Hello World

Co-created by Kuva Space, Reaktor & VTT

Demonstrating the Hello World platform for future Earth orbit and deep-space missions. First ever miniature infrared hyperspectral imager onboard.

Time in orbit


Mission timeline


Project started


Design ready


Engineering model ready and tested


Flight model and ground station ready


Flight model tested and ready to fly


Satellite launched and operational



Battery voltage mV
Battery temperature °C
Total Uptime days
EPS internal temperature °C
Telemetry updated

We downlink telemetry every time the satellite passes over our Helsinki, Finland ground station


Altitude km
Velocity km/sec
Latitude °
Longitude °

Mission & technology

The first step of our journey towards the stars

Launch vehicle ISRO/Antrix PSLV, India
Orbit LEO 500 – 600 km
polar sun-synchronous (REAKTOR HELLO WORLD at Celestrak)
Platform Hello World (RSL)
Payload Infrared hyperspectral imager (VTT)

Satellite (RSL)

Class 2U Cubesat
Mass 2.4 kg
Dimensions 10 x 10 x 22.7 cm
Attitude 3-axis stabilized
Power 5 W
Communication UHF and S-band



Telemetry and telecommand: (RSL)

  • UHF-band frequency
  • 9.6 kbit/s
  • CAN protocol
  • Dual redundant

Our command link is built to provide a connection that is as reliable as possible. The data speed is low, but the purpose is to give commands that are quite small and get back vital telemetry.


Power production and distribution: (RSL)

  • Solar panels
  • Li-ion batteries
  • CAN protocol
  • Failure detection, isolation and recovery

The heart of the spacecraft. Keeps the satellite alive.


Onboard data-handling: (RSL)

  • TI Hercules MCU
  • Real-time OS
  • Dual redundant
  • CAN protocol

A low power computer that can be the brain in any mission coordinating the work of other subsystems and payload.


Attitude determination and control:

  • Proprietary algorithms
  • Sun sensors, IMU
  • Magnetorquers
  • CAN protocol
  • GPS

Points the satellite at Earth so we can take hyperspectral images of the ground.


Payload data-processing:

  • ARM-processor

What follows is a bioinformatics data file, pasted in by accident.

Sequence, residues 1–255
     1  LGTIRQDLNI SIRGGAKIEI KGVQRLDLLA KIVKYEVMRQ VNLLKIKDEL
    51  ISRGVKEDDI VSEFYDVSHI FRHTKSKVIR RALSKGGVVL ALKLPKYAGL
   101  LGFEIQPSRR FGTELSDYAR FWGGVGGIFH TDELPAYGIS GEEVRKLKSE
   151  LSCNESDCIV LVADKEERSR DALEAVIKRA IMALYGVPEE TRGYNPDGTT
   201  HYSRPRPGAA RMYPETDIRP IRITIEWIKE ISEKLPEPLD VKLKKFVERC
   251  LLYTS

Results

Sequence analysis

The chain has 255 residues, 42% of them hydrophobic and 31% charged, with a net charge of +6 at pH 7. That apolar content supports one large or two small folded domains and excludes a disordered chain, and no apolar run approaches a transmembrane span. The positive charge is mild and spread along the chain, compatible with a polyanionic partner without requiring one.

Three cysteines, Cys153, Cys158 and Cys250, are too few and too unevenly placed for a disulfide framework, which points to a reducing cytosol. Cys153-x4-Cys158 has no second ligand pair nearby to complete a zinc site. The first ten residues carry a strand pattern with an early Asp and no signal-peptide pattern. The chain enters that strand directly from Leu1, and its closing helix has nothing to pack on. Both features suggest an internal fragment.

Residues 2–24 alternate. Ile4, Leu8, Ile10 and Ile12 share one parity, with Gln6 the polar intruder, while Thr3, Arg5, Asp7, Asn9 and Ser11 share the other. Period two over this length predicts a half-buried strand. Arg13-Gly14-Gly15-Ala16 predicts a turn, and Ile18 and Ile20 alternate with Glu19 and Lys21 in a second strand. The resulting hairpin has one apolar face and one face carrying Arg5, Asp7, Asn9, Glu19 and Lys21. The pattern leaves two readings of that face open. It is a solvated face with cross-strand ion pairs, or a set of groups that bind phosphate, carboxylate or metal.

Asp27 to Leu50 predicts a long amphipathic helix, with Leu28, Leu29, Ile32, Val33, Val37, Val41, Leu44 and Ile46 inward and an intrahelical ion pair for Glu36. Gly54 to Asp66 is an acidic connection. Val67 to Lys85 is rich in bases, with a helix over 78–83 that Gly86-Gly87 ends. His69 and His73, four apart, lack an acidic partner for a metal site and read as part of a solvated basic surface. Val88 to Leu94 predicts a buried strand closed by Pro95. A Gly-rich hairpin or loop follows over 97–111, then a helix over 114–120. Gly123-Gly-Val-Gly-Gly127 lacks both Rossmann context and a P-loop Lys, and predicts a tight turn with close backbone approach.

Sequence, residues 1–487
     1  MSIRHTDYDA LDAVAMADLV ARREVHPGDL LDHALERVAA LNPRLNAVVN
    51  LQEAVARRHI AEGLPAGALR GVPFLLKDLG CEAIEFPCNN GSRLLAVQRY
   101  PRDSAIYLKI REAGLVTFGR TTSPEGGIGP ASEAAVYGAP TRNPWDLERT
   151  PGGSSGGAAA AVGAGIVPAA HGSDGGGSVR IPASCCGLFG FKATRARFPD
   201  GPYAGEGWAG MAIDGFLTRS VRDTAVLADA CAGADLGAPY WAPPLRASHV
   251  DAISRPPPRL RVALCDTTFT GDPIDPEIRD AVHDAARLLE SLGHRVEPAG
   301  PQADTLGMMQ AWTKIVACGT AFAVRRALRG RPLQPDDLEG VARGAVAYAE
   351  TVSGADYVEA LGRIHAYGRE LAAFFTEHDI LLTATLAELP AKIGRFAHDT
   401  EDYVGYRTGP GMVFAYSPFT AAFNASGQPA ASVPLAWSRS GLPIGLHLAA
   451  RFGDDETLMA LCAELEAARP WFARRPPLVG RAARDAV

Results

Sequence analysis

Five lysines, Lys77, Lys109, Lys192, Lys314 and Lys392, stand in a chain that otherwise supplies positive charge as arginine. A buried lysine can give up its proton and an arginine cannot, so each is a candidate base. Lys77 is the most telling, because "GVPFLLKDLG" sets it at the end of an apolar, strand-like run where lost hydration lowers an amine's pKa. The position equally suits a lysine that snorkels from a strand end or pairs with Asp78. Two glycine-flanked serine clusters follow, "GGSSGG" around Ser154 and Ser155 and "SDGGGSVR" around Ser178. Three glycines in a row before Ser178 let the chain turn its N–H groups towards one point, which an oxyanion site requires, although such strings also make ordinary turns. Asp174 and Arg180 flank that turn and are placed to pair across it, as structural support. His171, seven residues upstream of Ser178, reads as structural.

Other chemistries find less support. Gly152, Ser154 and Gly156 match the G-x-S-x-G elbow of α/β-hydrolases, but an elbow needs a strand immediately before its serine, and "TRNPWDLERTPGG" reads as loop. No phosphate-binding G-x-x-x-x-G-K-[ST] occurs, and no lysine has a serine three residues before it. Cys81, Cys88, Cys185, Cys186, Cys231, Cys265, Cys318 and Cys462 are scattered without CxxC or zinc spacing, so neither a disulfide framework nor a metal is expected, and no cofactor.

• Control FPGA
  • Linux OS
  • Cameralink
  • CAN protocol

Commands the hyperspectral imager over an FPGA module and post-processes the data into consumable form. Ability to easily upload more functionality.


Data transmission:

  • S-band frequency
  • 2 Mbit/s

“Faster downlink of hypercubes.”


Structure: (RSL)

  • Anodized aerospace grade aluminum
  • Customized and scalable
  • Completely designed, prototyped and tested in-house

Keeping it all in one piece.



You may remember our previous communication about a Node.js satellite. While we didn’t end up using actual Javascript on the satellite, the core promise of using a high level scripting language to run the satellite did become reality. Script files stored on the file system of a Linux computer are easily updated by uploading new files over rsync or logging in with telnet and editing files live with vi.

In order to start writing high level code we of course had to implement the plumbing in the platform. That has been done using for example C, C++, and Verilog. Some of our subsystems have no operating system, some use the facilities of FreeRTOS, and there’s a Linux box too.

All of them implement the Cubesat Space Protocol with the open source libcsp library over a CAN bus inside the satellite and the communications subsystem broadcasts the packets to the outside world. We use a TCP to CSP proxy to enable using rsync, telnet, and other TCP protocols to orbit.

And yeah, the high level scripting language we do use instead of Node.js is of course POSIX shell!

Payload (VTT)

Infrared hyperspectral imager

  • High spectral resolution
  • In-orbit tunable filter
  • 900 – 1400 nm
  • 0.5U size

World’s smallest space-grade hyperspectral imager. Based on a tunable Fabry-Perot interferometer.

Get in touch...

…with the satellite

Want to contact the Hello World satellite? Here we have gathered all the information you need to see how the satellite is doing or even send your own messages from space.

Hello World for radio amateurs

Reaktor Hello World has periodic beacons and a digital packet repeater:

  • Frequency 437.775 MHz
  • TLE catalog id: 43743 (REAKTOR HELLO WORLD at https://www.celestrak.com/NORAD/elements/active.txt)